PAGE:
A TEACHER'S casting in a Christmas concert was all it took to start Barry Patterson on a life trajectory which launched him into professional theatre overseas with some of the world's biggest stars, all the way through to honing the Orange Male Voice Choir.
Mr Patterson was born in Orange and could remember he always loved to sing.
"It wasn't until I went to school, I went to Glenroi and the headmistress there, Mrs Sloan, was passionate about music and singing and every kid that came to the school, she auditioned them," he said.
"She wanted to hear them sing, whether they were a boy or a girl and she immediately recognised I had a voice and she said 'right, you're going to be doing the solo at our Christmas concert and that's where it started.
"That was a Christmas concert so I still love Christmas carols - because carols are so magical and it started off that whole feeling that singing was something magical."
Mr Patterson's first teacher was Pauline Arnold, mother of former ABC Classic FM presenter Marian Arnold, and made his theatrical debut in Sweet Charity.
"I was hooked - one of the things was the smell, it's like that song they say, 'the feel of the grease paint, the smell of the crowd'," he said.
"It was the smell of the theatre make-up and every time I smell the pancake it just brings back memories of that first thrill of being in a show."
As his clear boy soprano developed into a lyric baritone, he appeared in Canobolas Rural Technology High School productions Carousel and Oklahoma, but after high school, he travelled to Wagga to study fine arts to become a jeweller, which took him to Melbourne in 1982.
"During that year, I had singing lessons at the Victorian of the Arts and he told me I should audition for the course," he said.
An undergraduate degree in opera studies led to working for the Victorian State Opera.
"My first professional show was Babar the Elephant - it was a kids' opera and we toured all around Victoria playing in the most unlikely of places like tin sheds," he said with a laugh.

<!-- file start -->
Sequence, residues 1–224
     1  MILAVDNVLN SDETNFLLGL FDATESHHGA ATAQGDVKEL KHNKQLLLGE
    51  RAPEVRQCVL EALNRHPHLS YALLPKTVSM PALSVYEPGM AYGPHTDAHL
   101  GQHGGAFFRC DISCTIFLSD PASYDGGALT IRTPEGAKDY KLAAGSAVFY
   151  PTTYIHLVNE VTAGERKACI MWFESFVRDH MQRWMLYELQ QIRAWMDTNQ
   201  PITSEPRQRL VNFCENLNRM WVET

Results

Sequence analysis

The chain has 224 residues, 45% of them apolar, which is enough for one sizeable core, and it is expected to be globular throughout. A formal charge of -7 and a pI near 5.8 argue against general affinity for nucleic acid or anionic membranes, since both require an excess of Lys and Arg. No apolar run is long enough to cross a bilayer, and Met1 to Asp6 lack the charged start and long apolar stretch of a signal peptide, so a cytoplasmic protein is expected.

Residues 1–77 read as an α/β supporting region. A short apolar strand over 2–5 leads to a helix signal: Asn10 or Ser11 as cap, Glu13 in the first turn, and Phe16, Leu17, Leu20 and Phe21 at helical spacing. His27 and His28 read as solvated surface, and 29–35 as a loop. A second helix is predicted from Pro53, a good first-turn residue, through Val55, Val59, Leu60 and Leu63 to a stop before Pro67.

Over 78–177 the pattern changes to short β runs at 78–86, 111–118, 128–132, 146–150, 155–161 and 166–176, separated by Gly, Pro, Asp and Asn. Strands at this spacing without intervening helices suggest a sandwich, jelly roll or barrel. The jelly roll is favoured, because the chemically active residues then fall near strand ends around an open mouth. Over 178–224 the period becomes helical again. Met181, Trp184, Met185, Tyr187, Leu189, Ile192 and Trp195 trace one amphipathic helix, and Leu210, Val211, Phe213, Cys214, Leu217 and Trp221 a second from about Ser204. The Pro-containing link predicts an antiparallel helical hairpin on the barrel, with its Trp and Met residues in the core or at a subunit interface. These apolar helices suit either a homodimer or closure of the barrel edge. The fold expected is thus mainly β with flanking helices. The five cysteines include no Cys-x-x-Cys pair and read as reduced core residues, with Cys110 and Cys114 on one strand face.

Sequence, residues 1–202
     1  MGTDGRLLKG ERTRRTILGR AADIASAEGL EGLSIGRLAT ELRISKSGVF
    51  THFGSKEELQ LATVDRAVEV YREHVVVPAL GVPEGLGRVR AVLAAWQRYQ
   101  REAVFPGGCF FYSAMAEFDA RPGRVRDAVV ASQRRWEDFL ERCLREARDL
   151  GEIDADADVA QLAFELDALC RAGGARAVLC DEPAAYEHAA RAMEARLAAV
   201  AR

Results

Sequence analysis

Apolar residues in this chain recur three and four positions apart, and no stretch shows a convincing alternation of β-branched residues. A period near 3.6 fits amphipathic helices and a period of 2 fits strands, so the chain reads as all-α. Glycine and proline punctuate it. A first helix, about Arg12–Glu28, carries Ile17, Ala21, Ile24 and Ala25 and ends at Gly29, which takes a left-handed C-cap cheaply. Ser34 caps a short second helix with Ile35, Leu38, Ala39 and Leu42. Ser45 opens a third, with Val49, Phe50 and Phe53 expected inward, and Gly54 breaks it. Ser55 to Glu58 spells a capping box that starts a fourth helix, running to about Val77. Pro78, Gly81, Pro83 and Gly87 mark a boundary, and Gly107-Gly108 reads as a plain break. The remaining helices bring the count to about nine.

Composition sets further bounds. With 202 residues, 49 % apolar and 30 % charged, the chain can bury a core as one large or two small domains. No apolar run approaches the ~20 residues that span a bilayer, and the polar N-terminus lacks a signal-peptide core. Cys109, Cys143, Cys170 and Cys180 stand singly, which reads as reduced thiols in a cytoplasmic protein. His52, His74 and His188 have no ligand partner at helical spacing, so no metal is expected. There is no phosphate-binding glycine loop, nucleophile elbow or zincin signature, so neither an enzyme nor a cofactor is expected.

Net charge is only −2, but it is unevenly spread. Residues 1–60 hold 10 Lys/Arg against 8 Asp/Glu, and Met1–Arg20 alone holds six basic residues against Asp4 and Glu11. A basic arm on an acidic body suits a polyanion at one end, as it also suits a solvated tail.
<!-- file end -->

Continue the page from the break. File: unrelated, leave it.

... a lot of them are really old and crappy and the dressing rooms are worn out but they've got so much atmosphereBarry Patterson
He performed HMS Pinafore with Paul Eddington from Yes Minister before successfully auditioning for the Australian Opera in Sydney.
"I was in the chorus there for a year and I thought I don't want to do this for the rest of my life, I'm getting out of here, I'm going overseas," he said.
Life in south London was a challenge - Mr Patterson worked as a waiter, in aged care and in supermarkets while completing more that 100 auditions for companies and agents and described the style of living as "hand to mouth".
But during the 10 years he spent there, he performed in classical concerts to Showboat to Orpheus in the Underworld where he appeared in pink leather and a punk hairdo to the original London cast of Passion with Michael Ball, where he worked directly with Stephen Sondheim.
"The West End is amazing - there are what, 40 or 50 theatres so probably 30 theatres are doing musicals, then you've got all the theatres doing plays, then you've got all the concert halls, then all the tiny venues in back streets.
"The first show I was in was at the Palladium Theatre and that is one of the most iconic big stages in London - to be in venues with a history of hundreds of years of theatre, a lot of them are really old and crappy and the dressing rooms are worn out but they've got so much atmosphere."
But with his parents in failing health, he wanted to be closer to family and he returned home.
He spent two years in Sydney before moving off the grid in Tenterfield for the next decade where he discovered working in disability care, which he continues today, as well as teaching singing.
He also conducts the Orange Male Voice Choir, which he said brought him fresh satisfaction because choral singing was "being part of something bigger than you".
"You can make something special happen."
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